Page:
Business Acumen: Business Acumen is the ability to see the organization with an executive-level mentality. This can be further defined as seeing the big picture and understanding how the component parts work together to achieve successful outcomes. HR professionals must understand the operational aspects of service delivery, relevant resource constraints, and key objectives and initiatives of each client served by the HR staff. This understanding requires learning the language of public sector business, including gaining an understanding of metrics and performance measures, finances, technology, public process, and political realities, both internally and externally. Business acumen also includes the ability to understand and clearly articulate in business terms how HR programs impact key objectives of the organization, including the ability to frame a business case, state the value proposition and demonstrate return on investment of key HR initiatives. Finally, business acumen includes the ability to effectively translate a message to all levels of the organization, from line employee to executive.
Shifting Perspective: n HR professionals can begin developing business acumen
with a critical self-assessment of knowledge gaps. Closing a knowledge gap is not difficult, but it does require the willingness to pay attention, ask questions, and check assumptions. There is no need to become a subject matter expert in all areas, but there is a need to achieve a literate level of proficiency that says you understand the business challenges and can offer valuable solutions. The best guides are generally the executives and managers of the organizations served by your HR team.
n Learn the business of the agency and understand where to add value. What is the core mission of the organization? Who are the customers? What are the biggest workforce challenges? What issues need addressing that HR could help to move forward? The best way to answer these questions is to be a student of the organization.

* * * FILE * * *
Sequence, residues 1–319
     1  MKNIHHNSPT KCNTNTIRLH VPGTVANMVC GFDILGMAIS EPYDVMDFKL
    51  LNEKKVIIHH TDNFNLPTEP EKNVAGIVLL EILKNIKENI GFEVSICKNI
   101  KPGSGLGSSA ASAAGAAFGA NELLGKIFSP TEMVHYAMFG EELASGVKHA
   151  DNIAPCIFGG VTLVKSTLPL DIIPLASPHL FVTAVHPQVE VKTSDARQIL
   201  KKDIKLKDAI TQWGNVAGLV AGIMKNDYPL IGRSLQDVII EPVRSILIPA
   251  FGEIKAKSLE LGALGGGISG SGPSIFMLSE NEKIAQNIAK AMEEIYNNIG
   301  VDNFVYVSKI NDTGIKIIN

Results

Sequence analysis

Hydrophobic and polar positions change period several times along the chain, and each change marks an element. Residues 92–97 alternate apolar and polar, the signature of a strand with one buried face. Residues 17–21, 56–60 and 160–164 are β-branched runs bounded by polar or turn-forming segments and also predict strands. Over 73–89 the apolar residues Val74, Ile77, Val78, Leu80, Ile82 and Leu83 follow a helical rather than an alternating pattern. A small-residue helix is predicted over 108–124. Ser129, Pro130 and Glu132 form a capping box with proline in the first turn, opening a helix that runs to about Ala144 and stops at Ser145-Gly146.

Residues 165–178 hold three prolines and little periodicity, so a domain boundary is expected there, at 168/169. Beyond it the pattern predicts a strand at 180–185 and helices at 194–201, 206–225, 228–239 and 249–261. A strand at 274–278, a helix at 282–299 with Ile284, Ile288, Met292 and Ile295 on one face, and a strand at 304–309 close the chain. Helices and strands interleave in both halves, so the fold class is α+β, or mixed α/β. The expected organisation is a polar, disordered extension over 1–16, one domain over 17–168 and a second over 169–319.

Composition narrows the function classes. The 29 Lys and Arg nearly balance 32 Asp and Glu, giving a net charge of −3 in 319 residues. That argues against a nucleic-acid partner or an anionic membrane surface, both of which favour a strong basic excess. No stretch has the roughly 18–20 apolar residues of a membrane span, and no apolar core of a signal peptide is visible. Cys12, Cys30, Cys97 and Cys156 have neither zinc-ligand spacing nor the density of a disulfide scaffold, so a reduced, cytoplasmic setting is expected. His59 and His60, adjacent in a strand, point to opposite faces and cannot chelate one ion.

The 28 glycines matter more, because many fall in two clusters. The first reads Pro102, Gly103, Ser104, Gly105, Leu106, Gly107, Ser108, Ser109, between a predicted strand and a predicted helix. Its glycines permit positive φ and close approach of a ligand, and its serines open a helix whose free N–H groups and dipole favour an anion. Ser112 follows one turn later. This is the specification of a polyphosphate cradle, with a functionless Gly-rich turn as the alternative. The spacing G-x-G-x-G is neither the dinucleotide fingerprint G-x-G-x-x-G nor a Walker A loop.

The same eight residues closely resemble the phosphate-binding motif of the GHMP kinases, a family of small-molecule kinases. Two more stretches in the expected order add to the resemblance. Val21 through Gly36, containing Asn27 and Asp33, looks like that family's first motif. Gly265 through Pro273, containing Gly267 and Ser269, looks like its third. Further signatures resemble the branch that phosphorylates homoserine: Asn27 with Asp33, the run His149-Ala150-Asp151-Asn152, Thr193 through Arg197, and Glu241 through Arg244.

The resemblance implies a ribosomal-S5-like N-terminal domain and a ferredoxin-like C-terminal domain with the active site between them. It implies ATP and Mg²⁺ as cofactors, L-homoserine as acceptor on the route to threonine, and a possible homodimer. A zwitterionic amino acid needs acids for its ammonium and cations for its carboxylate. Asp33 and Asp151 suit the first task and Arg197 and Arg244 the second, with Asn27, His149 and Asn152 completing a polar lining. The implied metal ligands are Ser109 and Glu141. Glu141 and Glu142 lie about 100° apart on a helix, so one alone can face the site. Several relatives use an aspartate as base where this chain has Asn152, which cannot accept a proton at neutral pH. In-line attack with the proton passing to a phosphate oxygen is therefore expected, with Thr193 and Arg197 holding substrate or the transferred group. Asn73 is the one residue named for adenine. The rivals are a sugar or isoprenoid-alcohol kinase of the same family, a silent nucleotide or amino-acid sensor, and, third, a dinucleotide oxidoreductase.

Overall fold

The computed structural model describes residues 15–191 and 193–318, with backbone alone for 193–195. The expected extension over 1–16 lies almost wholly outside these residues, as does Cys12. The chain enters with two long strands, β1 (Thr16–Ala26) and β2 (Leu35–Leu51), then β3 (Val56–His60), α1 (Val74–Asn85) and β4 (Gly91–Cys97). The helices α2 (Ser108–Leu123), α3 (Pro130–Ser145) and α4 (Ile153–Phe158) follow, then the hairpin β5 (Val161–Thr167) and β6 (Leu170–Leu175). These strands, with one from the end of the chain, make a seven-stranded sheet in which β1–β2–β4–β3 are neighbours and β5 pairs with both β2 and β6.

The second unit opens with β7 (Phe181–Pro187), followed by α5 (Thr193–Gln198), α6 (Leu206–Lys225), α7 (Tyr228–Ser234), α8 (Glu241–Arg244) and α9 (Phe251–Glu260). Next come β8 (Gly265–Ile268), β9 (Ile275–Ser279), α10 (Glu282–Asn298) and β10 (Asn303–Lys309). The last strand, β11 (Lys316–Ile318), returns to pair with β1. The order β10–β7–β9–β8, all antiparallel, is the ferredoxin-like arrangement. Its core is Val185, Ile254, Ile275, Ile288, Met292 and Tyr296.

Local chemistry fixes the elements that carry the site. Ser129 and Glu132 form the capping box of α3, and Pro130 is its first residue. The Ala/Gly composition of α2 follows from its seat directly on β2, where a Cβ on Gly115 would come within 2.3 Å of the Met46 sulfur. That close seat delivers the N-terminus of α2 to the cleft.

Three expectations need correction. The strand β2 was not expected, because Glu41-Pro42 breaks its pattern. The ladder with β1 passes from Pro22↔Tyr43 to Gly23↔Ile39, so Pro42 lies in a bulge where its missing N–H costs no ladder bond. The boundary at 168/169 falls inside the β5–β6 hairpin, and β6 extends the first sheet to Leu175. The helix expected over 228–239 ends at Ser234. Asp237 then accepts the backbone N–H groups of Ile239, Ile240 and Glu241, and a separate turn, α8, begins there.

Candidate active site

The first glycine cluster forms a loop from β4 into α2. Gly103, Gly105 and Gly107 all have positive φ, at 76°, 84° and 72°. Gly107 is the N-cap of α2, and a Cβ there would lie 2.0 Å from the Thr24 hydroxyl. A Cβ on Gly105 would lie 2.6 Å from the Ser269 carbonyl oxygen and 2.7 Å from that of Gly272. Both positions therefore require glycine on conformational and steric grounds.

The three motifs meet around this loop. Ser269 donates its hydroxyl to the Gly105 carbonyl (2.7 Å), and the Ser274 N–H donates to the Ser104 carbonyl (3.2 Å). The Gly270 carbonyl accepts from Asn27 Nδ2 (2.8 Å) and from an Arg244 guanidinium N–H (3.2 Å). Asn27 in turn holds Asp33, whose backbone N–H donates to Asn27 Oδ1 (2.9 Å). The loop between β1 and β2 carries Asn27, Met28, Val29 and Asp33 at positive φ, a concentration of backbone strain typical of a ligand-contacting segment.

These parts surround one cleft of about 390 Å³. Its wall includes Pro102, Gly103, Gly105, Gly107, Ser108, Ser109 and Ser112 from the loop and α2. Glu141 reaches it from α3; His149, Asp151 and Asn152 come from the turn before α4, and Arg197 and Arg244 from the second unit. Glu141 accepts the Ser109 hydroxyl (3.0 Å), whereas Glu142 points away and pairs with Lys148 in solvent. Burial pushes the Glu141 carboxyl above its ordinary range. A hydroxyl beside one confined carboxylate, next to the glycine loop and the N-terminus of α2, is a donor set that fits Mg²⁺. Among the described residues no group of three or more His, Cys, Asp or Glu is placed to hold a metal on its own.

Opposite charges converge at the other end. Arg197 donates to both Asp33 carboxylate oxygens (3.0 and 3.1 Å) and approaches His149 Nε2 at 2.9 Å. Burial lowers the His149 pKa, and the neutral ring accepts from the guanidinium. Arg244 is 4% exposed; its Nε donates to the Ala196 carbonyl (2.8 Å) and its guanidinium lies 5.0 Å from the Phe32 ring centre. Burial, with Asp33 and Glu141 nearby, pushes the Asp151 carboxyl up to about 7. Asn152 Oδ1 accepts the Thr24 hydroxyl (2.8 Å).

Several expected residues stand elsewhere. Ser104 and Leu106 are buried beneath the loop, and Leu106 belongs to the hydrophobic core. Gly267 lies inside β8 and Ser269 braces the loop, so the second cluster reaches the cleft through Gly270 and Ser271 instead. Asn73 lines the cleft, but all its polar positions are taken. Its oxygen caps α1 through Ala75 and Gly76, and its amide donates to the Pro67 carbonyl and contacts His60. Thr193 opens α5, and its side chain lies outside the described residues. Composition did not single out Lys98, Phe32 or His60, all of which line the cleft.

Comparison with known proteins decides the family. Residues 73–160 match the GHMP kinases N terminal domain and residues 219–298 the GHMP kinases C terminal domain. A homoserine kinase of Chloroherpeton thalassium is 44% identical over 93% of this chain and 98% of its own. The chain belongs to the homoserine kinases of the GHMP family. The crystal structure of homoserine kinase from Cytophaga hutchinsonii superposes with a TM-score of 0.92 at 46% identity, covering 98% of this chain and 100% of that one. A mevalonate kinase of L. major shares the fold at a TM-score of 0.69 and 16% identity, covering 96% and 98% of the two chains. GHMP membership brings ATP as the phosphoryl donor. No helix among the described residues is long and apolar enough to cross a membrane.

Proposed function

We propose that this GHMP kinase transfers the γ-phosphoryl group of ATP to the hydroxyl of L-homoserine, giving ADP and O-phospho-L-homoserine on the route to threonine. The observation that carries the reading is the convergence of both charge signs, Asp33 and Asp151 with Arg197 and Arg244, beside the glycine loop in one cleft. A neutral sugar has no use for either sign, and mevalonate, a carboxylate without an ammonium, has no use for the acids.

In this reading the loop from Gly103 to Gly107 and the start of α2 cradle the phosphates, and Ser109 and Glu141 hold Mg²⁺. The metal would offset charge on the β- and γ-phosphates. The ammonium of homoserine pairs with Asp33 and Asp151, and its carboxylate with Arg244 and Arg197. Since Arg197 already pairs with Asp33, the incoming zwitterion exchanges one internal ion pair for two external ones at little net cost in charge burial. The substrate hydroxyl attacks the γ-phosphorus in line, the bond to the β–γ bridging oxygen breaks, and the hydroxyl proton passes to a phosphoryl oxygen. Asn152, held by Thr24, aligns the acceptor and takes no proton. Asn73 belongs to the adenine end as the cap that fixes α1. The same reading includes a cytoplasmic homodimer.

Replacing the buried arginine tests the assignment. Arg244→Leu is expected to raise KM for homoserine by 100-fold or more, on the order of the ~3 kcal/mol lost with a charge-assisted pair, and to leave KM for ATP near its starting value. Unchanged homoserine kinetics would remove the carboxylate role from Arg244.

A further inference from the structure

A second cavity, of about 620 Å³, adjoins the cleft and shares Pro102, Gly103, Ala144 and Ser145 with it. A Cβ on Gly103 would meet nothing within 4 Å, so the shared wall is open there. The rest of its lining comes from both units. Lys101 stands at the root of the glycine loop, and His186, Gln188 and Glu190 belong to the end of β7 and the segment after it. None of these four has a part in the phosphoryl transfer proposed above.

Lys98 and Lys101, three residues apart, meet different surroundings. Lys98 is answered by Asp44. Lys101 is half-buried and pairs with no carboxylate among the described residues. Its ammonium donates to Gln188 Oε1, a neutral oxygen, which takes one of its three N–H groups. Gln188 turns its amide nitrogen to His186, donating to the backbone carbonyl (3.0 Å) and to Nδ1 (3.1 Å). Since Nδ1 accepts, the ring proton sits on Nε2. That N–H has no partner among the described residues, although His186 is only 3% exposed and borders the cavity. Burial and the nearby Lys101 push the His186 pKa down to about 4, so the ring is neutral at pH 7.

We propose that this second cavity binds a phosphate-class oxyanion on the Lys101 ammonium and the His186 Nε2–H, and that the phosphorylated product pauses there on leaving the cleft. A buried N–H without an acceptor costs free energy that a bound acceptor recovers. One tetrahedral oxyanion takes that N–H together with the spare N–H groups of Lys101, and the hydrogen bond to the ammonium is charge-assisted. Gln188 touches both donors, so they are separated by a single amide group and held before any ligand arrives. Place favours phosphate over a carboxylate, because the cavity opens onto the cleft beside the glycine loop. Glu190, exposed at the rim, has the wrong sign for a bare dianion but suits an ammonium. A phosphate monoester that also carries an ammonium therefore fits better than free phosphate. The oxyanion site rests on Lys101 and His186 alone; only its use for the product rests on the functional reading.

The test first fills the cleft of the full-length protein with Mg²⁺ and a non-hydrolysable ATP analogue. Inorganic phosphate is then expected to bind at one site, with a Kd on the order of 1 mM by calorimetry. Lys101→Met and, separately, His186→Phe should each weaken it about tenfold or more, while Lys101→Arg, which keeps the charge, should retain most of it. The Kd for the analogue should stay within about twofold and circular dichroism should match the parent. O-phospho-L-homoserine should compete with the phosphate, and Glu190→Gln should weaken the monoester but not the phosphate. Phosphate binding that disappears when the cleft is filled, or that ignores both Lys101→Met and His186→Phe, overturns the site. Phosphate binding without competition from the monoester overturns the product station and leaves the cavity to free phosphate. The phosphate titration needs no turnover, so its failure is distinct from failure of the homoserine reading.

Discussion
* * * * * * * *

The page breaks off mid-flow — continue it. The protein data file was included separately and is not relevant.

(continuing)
n Read publications intended for HR executives and government officials. There are often insightful articles that will help you think differently about how to use HR services to achieve better outcomes. Read publications that are also intended for the managers and executives of the business lines supported. This reading provides a deeper insight into the challenges and opportunities they face and the ability to understand leading practices in their fields.
n Learn about the bigger issues confronting the organization by attending meetings of elected or appointed officials. If you work at the local level, attending Council or Assembly meetings can be informative. If you work at the state level, pay attention to what is happening in the legislature and how that might influence changes in business operations. If you work at the federal level, pay attention to the priorities at the executive level to seek to understand how those priorities are likely to influence policy direction.